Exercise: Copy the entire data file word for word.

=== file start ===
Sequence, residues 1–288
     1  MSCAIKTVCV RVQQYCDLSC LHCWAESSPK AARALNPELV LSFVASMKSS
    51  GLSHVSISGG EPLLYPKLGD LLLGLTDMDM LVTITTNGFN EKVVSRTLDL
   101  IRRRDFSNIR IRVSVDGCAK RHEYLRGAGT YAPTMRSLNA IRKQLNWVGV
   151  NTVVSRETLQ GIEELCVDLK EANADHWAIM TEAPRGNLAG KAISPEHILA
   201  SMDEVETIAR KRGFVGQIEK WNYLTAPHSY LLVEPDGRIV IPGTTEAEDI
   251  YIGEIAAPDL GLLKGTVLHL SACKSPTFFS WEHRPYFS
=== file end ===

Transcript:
Sequence, residues 1–288
     1  MSCAIKTVCV RVQQYCDLSC LHCWAESSPK AARALNPELV LSFVASMKSS
    51  GLSHVSISGG EPLLYPKLGD LLLGLTDMDM LVTITTNGFN EKVVSRTLDL
   101  IRRRDFSNIR IRVSVDGCAK RHEYLRGAGT YAPTMRSLNA IRKQLNWVGV
   151  NTVVSRETLQ GIEELCVDLK EANADHWAIM TEAPRGNLAG KAISPEHILA
   201  SMDEVETIAR KRGFVGQIEK WNYLTAPHSY LLVEPDGRIV IPGTTEAEDI
   251  YIGEIAAPDL GLLKGTVLHL SACKSPTFFS WEHRPYFS